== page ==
U.S. Senator Bob Menendez attacks Poland at the AIPAC conference

U.S. Senator Bob Menendez, Ranking Member of the Senate Foreign Relations Committee delivered a speech at the 2018 AIPAC Policy Conference on March 6, 2018, addressing among others Poland. The Senator, whose political career was recently on the brink of a potentially career-ending crisis due to a trial for corruption charges and hiring underage foreign prostitutes, expressed the following opinion about our country:

“Last month we watched with horror as Poland passed a law criminalizing the act of acknowledging that Poles had a role collaborating with the German Third Reich. This is a gross attempt to rewrite history, one that risks denying the past, the suffering of millions, and stoking anti-Semitic hatred.” 

It is obvious that the Senator didn’t make himself familiar with the amended Polish bill and he has no knowledge of Polish history, but he had the gall to say that Poland rewrites history and denies her past and the suffering of millions.

Mr. Senator, we condemn in the strongest terms your offensive and unfounded claims. Your voters watched with horror how you once again wriggled your way out of political trouble after the federal corruption charges against you were unexpectedly dismissed on January 31, 2018.

Devlin Barrett from Washington Post reported: “The move to dismiss charges is a complete reversal from the position taken by prosecutors just two weeks earlier, when they filed notice to the court they intended to keep pursuing the case after the first trial ended in a hung jury.”

Robert Mintz, a New Jersey lawyer, and former federal prosecutor commented the decision of the Department of Justice in this way:This case has been on a long, winding road, and this is a surprising end … It’s certainly a major setback for the Department of Justice, given the high-profile nature of this case.’’ 

People who live in glass houses shouldn’t throw stones. But unfortunately, you do.

We are disgusted by your misinterpretation of Polish law and your unjustified allegations. We ask you to refrain from further attacks and suggest that you read the Polish bill (attached to the bottom) before you comment on issues you are not familiar with. We draw your attention to the following facts:

  • The Polish law doesn’t penalize anybody for criticizing the isolated cases of collaboration with Nazi Germans (according to the Israeli War Crimes Commission 0.1% of Poles collaborated, 99.9% DID NOT!).
  • The bill penalizes those, who publicly and contrary to the facts attribute to the Polish Nation or to the Polish State (not to individuals) responsibility or co-responsibility for the Nazi crimes committed by the German Third Reich.
  • Poland doesn’t rewrite history – nobody denies, that there were Poles who collaborated, similarly as there were Jews who collaborated (Jewish police, Kapos, Group 13 etc.).
  • The WWII history should be subject of historical research and not of politics, especially if the politicians like you have a very limited historical knowledge.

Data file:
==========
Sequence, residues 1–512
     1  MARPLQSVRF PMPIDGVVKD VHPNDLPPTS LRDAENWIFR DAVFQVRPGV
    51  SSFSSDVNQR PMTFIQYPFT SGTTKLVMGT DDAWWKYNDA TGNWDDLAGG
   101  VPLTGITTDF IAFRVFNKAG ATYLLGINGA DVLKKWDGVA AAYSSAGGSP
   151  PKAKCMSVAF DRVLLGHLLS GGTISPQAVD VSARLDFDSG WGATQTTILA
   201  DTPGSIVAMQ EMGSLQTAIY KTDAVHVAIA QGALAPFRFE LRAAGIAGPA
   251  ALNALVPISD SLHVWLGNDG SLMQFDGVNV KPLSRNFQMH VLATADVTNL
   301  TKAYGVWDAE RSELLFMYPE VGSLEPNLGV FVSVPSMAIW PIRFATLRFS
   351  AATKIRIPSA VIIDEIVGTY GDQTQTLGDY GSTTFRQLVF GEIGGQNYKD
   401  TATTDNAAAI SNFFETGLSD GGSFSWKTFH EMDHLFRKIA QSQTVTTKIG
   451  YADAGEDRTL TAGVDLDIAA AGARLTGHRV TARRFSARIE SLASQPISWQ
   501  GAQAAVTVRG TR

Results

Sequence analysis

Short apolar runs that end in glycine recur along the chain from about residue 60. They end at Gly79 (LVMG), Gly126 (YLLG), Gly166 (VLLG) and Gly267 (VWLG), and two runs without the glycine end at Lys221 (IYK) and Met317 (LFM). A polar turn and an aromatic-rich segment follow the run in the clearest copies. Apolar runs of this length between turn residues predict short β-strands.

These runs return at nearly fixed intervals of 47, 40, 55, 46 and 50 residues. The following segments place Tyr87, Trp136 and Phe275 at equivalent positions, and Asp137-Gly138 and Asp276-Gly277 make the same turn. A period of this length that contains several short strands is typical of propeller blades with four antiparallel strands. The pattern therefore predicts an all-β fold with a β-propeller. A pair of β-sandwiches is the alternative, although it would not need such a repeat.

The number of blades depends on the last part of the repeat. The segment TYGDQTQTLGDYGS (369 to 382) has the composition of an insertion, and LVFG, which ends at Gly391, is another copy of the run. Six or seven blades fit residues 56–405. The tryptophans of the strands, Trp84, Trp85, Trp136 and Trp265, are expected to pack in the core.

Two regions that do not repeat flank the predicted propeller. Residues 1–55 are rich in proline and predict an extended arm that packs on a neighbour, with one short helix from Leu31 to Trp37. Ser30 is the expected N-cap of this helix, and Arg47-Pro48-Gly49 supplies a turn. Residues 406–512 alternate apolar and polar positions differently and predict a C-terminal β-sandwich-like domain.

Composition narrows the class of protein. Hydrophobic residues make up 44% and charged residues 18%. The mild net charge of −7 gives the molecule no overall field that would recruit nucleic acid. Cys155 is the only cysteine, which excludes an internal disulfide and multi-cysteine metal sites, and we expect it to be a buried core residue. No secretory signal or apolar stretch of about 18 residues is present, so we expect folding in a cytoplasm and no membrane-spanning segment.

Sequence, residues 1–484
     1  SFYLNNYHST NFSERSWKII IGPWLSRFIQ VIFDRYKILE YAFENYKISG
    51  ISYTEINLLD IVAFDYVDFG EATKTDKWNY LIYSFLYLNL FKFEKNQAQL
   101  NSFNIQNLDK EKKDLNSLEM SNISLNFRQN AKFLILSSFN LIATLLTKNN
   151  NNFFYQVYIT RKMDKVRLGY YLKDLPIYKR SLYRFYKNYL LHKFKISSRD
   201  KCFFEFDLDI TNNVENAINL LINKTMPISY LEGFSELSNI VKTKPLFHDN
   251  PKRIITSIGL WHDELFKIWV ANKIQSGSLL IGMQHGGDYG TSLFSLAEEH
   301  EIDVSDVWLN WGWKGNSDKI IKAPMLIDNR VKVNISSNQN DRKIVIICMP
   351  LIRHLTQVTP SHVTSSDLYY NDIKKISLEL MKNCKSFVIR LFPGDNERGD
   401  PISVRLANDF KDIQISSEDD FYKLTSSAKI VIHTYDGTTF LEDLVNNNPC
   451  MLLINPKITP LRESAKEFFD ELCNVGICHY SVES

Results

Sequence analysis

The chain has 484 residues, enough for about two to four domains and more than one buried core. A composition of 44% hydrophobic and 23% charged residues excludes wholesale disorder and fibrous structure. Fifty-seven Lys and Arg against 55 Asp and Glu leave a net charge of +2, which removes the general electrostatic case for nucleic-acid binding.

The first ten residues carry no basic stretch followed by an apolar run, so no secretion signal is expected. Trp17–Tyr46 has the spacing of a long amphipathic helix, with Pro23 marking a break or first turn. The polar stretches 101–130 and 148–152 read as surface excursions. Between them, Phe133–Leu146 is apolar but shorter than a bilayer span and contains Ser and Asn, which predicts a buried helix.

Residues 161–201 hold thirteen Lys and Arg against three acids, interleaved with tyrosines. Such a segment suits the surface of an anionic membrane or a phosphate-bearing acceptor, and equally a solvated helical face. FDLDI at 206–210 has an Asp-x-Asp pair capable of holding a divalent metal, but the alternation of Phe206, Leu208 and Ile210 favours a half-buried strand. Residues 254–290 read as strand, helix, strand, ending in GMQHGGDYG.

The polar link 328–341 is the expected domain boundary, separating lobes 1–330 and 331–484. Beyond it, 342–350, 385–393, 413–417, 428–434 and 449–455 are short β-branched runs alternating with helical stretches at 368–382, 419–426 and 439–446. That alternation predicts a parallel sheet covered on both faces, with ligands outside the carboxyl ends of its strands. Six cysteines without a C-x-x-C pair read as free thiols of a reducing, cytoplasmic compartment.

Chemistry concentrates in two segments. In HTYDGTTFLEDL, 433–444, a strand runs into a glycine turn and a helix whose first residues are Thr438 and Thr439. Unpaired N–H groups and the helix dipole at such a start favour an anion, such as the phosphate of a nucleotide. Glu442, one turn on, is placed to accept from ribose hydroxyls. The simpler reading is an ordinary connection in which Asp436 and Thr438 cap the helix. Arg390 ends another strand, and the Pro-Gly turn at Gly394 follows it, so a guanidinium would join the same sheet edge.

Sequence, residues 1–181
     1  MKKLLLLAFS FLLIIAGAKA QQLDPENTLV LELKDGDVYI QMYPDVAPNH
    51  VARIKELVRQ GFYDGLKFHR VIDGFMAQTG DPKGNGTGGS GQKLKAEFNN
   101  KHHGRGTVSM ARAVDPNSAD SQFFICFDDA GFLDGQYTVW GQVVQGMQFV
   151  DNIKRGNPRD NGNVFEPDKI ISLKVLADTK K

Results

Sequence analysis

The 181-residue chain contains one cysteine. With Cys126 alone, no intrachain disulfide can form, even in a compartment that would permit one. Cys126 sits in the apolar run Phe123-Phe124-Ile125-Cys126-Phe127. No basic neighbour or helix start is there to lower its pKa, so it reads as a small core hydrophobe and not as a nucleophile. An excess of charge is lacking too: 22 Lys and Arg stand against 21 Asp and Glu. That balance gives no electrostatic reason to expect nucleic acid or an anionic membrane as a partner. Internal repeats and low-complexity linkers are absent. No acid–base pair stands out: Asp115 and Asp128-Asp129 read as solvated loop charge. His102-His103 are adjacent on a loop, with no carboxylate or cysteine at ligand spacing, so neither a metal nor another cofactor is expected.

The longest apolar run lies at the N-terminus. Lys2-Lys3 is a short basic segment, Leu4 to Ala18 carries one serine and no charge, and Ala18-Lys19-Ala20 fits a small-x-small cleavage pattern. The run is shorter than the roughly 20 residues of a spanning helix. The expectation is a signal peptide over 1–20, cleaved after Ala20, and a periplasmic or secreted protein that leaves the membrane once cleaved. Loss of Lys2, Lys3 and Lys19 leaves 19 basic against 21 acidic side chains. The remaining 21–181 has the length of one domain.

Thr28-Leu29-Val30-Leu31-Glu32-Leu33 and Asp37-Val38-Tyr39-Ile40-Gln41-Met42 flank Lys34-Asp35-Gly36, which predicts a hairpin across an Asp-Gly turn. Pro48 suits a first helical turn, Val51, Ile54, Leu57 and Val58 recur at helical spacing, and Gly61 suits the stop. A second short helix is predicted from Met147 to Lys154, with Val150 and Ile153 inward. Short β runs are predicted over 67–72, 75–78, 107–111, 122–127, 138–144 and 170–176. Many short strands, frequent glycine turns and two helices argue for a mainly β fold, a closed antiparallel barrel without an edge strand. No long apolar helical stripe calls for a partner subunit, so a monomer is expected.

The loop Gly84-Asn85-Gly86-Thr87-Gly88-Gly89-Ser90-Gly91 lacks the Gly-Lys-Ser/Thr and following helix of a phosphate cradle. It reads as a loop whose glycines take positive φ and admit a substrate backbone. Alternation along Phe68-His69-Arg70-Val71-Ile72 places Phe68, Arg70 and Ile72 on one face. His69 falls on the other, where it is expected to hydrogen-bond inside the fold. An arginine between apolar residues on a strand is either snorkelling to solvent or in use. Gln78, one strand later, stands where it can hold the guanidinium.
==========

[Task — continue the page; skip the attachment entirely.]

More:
• Poland was not responsible for “suffering of millions, and stoking anti-Semitic hatred”  – it was Germany which invaded Poland on September 1, 1939, which imposed reign of terror and which is responsible for the suffering of millions. Poland never surrendered. There never was a collaborationist Polish Government. Polish armies fought on every front in Europe, including alongside American soldiers at Normandy. No other country did more to rescue Jews, even though in contrast to other countries, in occupied Poland, providing refuge to Jews was punishable by death to the whole family.
  • The anti-Semitism in Poland is much lower than in other countries, including the United States.

Excerpt from the Act of 26 January 2018 amending the Act on the Institute of National Remembrance – Commission for the Prosecution of Crimes against the Polish Nation, the Act on war graves and cemeteries, the Act on museums and the Act on the responsibility of collective entities for acts prohibited under penalty:

“Art. 55a. 1. Whoever publicly and contrary to the facts attributes to the Polish Nation or to the Polish State responsibility or co-responsibility for the Nazi crimes committed by the German Third Reich, as specified in Article 6 of the Charter of the International Military Tribunal – Annex to the Agreement for the prosecution and punishment of the major war criminals of the European Axis, executed in London on 8 August 1945 (Journal of Laws of 1947, item 367), or for any other offences constituting crimes against peace, humanity or war crimes, or otherwise grossly diminishes the responsibility of the actual perpetrators of these crimes, shall be liable to a fine or deprivation of liberty for up to 3 years. The judgment shall be communicated to the public.
2. If the perpetrator of the act specified in section 1 above acts unintentionally, they shall be liable to a fine or restriction of liberty.
3. An offence is not committed if the perpetrator of a prohibited act set out in sections 1 and 2 above acted within the framework of artistic or scientific activity.
Art. 55b. Irrespective of the law applicable at the place of commission of the prohibited act, this Act shall be applicable to a Polish citizen as well as a foreigner in the event of commission of the offences set out in art. 55 and art. 55a.”